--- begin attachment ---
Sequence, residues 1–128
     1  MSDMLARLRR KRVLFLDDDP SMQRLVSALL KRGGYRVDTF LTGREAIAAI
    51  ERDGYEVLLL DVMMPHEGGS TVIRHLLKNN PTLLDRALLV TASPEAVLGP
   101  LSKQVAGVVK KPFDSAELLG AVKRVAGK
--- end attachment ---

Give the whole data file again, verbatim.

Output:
Sequence, residues 1–128
     1  MSDMLARLRR KRVLFLDDDP SMQRLVSALL KRGGYRVDTF LTGREAIAAI
    51  ERDGYEVLLL DVMMPHEGGS TVIRHLLKNN PTLLDRALLV TASPEAVLGP
   101  LSKQVAGVVK KPFDSAELLG AVKRVAGK